At the heart of Zamrock

Words: Joseph Callow


Zambia, a landlocked country in southern Africa, gained its independence from Britain in 1964. The economy which the new nation inherited was largely undiversified – it centred around the mining and exportation of its abundant copper resources – but highly profitable.

From the time of Zambia’s independence until the mid-1970s, copper prices were high, and the nation enjoyed prosperity atypical of newly independent African nations, especially in its urbanised areas around the Copperbelt and in the capital, Lusaka. It was from these regions that Zambia’s rock explosion emerged.

The circulation of western rock music through jukeboxes and radio in the wealthier regions of Zambia had created a youthful rock fandom who liked to cover the music of artists like Jimi Hendrix, the Rolling Stones and Cream. In subsequent years, Zambian rock bands began to define their own sound, combining British and American rock music with the musical styles and languages of Zambia to encapsulate musically the hopeful mood of independence. The innovative and original music that emerged was dubbed ‘Zamrock’, and came to dominate Zambia’s music scene for much of the 1970s.

At the forefront of this movement was the band WITCH, an acronym for ‘We Intend To Cause Havoc’, whose debut album Introduction was the first to be commercially produced in Zambia. WITCH was the most popular group of the Zamrock era and its frontman, Emmanuel ‘Jagari’ Chanda, was the nation’s first true rock star. The domestic success of the WITCH grew with their later releases – particularly 1975’s Lazy Bones, which is now considered a landmark album in both Zamrock and psychedelic rock as a whole – and the notoriety they gained from their live performances. 

Chanda’s behaviour at shows was so energetic that it earned him the nickname ‘Jagari’, a deliberately localised version of Jagger, since his outrageous and often suggestive antics were reminiscent of the Stones’ frontman. His provocative performance style led to the band’s arrest and imprisonment in 1974 after it was deemed that they were creating a noise disturbance. Rumours soon circulated that this arrest had been demanded by the Minister of Home Affairs, whose house was nearby.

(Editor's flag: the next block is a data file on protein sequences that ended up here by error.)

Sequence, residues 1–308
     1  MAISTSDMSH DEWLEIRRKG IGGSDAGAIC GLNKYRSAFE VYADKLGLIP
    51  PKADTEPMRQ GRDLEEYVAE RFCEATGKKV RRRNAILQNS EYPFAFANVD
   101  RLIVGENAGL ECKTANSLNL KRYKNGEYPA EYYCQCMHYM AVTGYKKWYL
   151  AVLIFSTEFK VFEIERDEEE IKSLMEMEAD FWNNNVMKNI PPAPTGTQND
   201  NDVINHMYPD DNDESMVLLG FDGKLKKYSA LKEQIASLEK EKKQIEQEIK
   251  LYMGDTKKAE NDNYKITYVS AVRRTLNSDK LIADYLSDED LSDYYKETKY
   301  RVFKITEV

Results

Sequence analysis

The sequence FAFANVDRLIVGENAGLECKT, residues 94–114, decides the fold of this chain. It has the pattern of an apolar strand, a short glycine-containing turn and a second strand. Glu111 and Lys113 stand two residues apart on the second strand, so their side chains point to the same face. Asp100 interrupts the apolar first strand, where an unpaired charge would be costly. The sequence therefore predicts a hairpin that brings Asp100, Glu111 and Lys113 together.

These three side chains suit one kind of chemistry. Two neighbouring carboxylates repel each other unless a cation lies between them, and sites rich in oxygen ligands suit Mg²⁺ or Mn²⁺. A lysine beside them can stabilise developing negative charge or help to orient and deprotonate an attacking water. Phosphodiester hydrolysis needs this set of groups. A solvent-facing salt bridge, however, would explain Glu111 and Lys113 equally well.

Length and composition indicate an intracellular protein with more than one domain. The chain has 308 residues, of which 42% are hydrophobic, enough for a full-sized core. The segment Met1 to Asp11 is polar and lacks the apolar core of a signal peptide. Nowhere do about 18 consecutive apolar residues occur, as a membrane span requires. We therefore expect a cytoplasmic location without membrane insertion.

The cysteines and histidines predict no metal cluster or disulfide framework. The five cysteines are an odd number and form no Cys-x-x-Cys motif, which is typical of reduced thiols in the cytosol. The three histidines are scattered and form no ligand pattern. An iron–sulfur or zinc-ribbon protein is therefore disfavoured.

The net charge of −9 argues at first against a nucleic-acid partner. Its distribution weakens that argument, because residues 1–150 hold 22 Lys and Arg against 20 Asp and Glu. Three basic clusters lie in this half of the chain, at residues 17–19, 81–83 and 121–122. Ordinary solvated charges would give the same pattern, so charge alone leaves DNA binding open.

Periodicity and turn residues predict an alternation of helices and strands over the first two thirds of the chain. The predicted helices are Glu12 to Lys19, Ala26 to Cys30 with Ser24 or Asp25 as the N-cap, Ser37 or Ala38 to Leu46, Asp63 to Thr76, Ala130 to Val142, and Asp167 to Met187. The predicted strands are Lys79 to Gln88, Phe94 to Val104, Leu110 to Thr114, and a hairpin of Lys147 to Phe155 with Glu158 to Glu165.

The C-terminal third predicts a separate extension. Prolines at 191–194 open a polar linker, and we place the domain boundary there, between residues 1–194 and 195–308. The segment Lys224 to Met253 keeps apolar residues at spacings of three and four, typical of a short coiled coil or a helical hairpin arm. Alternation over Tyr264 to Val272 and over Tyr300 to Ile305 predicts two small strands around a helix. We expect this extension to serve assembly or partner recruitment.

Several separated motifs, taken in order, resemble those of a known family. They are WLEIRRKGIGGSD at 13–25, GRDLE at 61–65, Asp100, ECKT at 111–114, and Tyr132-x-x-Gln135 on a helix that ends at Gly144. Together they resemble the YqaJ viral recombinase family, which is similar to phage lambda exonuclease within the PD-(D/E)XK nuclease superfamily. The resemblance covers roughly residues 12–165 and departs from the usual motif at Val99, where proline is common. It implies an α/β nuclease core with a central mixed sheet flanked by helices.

The WITCH’s three-day imprisonment in Kamwala remand prison typified the ambivalent relationship between the Zambian authorities and 1970s Zamrock. Zambia’s inaugural President, Kenneth Kaunda, and his first Vice President, Simon Kapwepwe, were both guitarists and intimately understood the political power of music; Kaunda had himself performed ‘freedom songs’ to gain support in his campaign for independence. This understanding led Kaunda to legally guarantee Zambian musicians 95% of the airtime on domestic radio in the hopes that this would create a distinctly Zambian cultural and national identity.

But Zamrock came to fill this musical vacuum, and while the music was unique to Zambia, its blend of western and southern African styles was far from what the government had envisioned. Despite Zamrock capturing the zeitgeist, government support for the genre and its musicians quickly waned in the face of other issues deemed more pressing.

The oil embargo led by the Organization of Arab Petroleum Exporting Countries (OAPEC) from 1973 to 1974 had dire consequences for the Zambian economy. The increase in the price of oil brought on by the embargo drove a rapid decline in the demand for Zambian copper. It was also in this period that President Kaunda actively pursued a policy of regional interventionism, supporting rebel groups in neighbouring Angola and Rhodesia (now Zimbabwe) and Namibia’s struggle for independence from apartheid South Africa. Kaunda’s support for these rebels, and his willingness to shelter the refugees of the resultant conflicts in Zambia, drew the ire of the region’s white minority governments.